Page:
While the Daily Cal article was accurate; unfortunately, other media outlets who followed in reporting the story made claims that were attributed to us incorrectly, and which do not represent our view. In particular, several media outlets attributed to us a claim that the BDD100K dataset was “800 times” bigger than other industrial datasets, specifically mentioning Baidu’s ApolloScape. While it is true our dataset does contain more raw images than other datasets, including Baidu’s, the stated claim is misleading and we did not put that line or anything like it in a paper, blog post, or spoken comment to anyone. It appears that some reporters(s) viewed the data in tables in our paper and came up with this conclusory comment themselves as it made an exciting headline, yet attributed it to us. In fact, it is inappropriate in our view to summarize the difference between our dataset and Baidu’s in a single comment that ours is 800x larger. Comparing the number of raw images directly is not the most appropriate way to compare these types of datasets.

Importantly, different datasets focus on different aspects of the autonomous driving challenge. Our dataset is crowd-sourced, and covers a very large area and diverse visual phenomena (indeed significantly more diverse than previous efforts, in our view), but it is very clearly limited to monocular RGB image data and associated mobile device metadata. Other dataset collection efforts are complementary in our view. Baidu’s, KITTI, and CityScapes each contain important additional sensing modalities and are collected with fully calibrated apparatus including actuation channels. (The dataset from Mapillary is also notable, and similar to ours in being diverse, crowd-sourced, and densely annotated, but differs in that we include video and dynamic metadata relevant to driving control.) We look forward to projects at Berkeley and elsewhere that leverage both BDD100K and these other datasets as the research community brings the potential of autonomous driving to reality.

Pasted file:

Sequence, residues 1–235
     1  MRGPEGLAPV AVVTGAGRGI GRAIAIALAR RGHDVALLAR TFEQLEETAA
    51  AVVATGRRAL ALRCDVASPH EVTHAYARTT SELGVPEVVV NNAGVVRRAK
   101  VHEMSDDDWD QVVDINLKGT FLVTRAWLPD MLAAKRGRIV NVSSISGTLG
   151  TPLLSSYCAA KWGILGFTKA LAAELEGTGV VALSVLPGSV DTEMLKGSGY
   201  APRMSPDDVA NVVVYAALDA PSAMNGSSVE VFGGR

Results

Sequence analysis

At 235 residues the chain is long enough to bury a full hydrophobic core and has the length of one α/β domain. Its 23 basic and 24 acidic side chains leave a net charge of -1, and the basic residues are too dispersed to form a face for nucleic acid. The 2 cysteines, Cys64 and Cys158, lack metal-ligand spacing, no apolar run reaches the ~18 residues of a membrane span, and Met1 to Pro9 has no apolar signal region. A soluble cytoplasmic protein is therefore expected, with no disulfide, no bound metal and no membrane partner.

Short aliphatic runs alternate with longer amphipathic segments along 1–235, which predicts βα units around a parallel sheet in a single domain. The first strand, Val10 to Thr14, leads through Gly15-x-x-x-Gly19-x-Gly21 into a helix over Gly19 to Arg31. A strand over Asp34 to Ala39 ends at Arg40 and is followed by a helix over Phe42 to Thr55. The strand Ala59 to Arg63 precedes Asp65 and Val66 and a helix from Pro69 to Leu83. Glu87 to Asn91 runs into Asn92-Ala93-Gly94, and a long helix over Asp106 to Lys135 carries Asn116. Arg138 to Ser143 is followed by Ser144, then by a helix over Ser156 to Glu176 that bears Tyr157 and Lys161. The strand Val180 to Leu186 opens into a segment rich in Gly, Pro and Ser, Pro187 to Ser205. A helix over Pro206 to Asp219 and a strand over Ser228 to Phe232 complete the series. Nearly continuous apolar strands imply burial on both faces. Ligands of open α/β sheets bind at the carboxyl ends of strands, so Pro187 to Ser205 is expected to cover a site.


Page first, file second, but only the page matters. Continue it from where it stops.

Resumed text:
Continue

BDD100K: A Large-scale Diverse Driving Video Database